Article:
But boycotts are tricky. Linda Bean is just one member of L.L. Bean’s board. Should the whole company suffer for her actions? Especially if L.L. Bean is generally more ethical than other companies in certain ways.

I am definitely interested in the concept of boycotts. I didn’t eat Chick Fil A for a year back when their owners were being called out for financing anti-gay groups. It’s satisfying to know your money isn’t going to what you consider a bad actor. I’m sure conservative groups got the same satisfaction from boycotting Target over the bathrooms for transgender people issue. Add Twitter into the mix, where you can call out people running the companies by name, and you start to feel more powerful indeed.

But for a boycott to have true power, it’s got to be long-lasting, have a wide base of support, and target some truly nefarious practices. I would argue that there are worse things in the world than contributing money to Trump.

So, I guess I’m still searching for a worthy boycott. (Not like I have oh so much money to withhold.) I definitely am interested in boycotting companies that don’t support reform of the garment industry overseas, or otherwise putting pressure on them, but I need to do more research into that.

Part of me wants capitalism to be a sort of politics-free zone. With retail such as L.L. Bean, there are lots of choices. The liberals can get their boots from Columbia or REI, the conservatives from L.L. Bean, and everyone’s happy, so who cares. And the folks at the companies don’t give a damn who you, the consumer, are, as long as you can pay. Your money is good with them whether you are white, black, gay, straight, liberal, conservative, whatever. But as we’ve seen lately, with services as opposed to goods, it can be a bit different sometimes. We have florists and caterers who don’t want gay people’s money no matter what. We have doctors who won’t provide services to women who have had abortions. Designers don’t want to design Melania’s gown. Something about the slightly more intimate realm of services; things get tricky.  Should people have to provide services to everybody, no matter what? Usually, money is enough of a grease to keep those wheels turning. But when it isn’t, what then? I want to say, no. How can you force people to render services? Go to the gay-friendly florist and screw the one who doesn’t want your business. But what if you’re gay and your car breaks down and the only mechanic in your small town won’t fix it? What if you’re a liberal with a small business and conservative people get wind of your views through Facebook and stop patronizing you? I’m going to quit right here since there’s more to unpack here than I have time for (religious freedom, etc.), but you get the idea.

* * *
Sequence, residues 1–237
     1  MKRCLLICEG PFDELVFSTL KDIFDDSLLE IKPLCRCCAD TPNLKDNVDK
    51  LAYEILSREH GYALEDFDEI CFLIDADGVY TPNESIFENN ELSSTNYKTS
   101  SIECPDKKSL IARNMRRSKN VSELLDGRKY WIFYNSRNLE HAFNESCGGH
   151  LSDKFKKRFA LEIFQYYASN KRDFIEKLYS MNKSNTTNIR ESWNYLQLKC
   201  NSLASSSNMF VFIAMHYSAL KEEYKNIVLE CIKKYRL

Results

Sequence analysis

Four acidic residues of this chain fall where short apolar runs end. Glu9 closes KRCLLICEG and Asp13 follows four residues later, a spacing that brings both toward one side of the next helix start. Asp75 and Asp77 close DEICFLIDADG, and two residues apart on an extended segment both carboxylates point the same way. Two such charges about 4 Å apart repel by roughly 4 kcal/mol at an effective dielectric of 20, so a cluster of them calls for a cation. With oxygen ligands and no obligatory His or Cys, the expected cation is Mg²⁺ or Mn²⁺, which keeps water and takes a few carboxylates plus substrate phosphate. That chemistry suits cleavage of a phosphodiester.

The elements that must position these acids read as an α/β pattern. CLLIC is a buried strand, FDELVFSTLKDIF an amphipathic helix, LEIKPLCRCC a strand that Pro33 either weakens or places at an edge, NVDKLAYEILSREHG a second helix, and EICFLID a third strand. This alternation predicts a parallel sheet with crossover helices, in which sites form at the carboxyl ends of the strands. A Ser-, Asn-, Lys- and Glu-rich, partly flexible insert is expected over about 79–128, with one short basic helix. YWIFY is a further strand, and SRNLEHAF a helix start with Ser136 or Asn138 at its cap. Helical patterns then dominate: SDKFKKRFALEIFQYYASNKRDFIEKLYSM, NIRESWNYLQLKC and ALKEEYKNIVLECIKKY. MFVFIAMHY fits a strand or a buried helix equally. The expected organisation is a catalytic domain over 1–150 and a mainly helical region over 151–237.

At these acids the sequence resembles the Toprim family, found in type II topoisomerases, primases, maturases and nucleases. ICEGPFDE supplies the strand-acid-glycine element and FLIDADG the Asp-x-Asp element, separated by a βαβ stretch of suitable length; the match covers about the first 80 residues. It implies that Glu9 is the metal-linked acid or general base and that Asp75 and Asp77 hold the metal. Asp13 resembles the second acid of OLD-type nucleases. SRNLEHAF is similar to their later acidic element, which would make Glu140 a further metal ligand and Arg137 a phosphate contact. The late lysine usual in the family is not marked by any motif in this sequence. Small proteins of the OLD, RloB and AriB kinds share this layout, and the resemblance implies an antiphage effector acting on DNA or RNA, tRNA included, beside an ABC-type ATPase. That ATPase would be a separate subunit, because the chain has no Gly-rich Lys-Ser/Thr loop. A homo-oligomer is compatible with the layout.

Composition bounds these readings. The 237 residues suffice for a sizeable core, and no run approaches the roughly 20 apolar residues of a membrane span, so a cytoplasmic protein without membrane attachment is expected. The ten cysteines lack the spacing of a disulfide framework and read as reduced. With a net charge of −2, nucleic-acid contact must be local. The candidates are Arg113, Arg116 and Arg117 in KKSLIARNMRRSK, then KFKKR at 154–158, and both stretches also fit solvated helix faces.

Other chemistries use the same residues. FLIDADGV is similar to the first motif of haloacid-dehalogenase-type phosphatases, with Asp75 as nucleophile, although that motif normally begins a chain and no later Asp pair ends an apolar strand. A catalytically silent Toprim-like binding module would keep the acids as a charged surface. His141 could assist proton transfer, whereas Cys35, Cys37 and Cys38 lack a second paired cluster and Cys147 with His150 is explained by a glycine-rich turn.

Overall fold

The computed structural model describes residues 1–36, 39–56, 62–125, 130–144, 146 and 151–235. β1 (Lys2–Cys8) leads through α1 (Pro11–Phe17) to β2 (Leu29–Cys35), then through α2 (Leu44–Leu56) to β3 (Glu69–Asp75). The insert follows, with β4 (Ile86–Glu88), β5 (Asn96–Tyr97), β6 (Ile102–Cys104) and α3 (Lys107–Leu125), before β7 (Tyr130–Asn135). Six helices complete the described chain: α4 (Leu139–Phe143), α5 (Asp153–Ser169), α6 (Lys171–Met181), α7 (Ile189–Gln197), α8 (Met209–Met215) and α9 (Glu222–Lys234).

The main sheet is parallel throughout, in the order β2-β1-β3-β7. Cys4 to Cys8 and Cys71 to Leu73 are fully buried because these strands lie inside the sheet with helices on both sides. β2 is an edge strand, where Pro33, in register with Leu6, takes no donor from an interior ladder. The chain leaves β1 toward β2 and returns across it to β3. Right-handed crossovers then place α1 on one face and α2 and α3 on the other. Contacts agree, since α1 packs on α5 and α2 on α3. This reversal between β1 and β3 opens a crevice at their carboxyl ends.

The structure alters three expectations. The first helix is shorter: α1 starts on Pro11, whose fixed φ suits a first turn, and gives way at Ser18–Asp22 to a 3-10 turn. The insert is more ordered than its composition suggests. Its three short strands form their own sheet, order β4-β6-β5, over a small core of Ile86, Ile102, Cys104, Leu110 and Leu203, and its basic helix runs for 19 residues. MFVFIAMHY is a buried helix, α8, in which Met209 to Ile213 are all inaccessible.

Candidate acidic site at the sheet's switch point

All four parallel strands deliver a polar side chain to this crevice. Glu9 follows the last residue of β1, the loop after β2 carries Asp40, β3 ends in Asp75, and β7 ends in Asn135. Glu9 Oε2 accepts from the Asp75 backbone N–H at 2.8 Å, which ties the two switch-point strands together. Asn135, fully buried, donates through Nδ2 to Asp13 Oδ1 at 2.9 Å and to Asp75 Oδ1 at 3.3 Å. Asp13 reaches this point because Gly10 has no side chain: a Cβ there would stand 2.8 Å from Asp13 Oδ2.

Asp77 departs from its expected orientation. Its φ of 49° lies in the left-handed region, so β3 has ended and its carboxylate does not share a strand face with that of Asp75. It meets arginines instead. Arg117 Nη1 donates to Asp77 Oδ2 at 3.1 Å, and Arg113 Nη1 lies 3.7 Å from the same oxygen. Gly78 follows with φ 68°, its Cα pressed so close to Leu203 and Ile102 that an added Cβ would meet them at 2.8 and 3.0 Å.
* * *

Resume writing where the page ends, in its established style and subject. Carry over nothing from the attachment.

Something else I’ve been following is Sleeping Giants. This is a group of regular citizens that’s been tweeting screenshots of breitbart.com to companies when their ads appear on the site. The idea is that because of the nature of advertising these days, companies don’t really know where their ads appear. So Sleeping Giants informs them of the Breitbart placement, along with a gentle nudge to block Breitbart from their ad buys (which can be done). Something like 500 or more companies have blocked their ads from appearing on Breitbart as a result.

So this is a little censorious, right? It would seem the ultimate goal is to bring Breitbart down. But I think that ultimately, Breitbart’s freedom of speech is not hurt in this scenario. They can publish whatever they want. It’s a question of who’s going to fund them. Charles Schwab, for example, had ads on the site, and when it was brought to their attention (via a screenshot taken by yours truly), they pulled the ads. I don’t think you can blame Charles Schwab for not wanting to be associated with Breitbart. But there are plenty of advertisers who haven’t responded or have responded that they will not pull their ads. Breitbart is what it is. The screenshots speak for themselves.

Anyway. Some things to think about.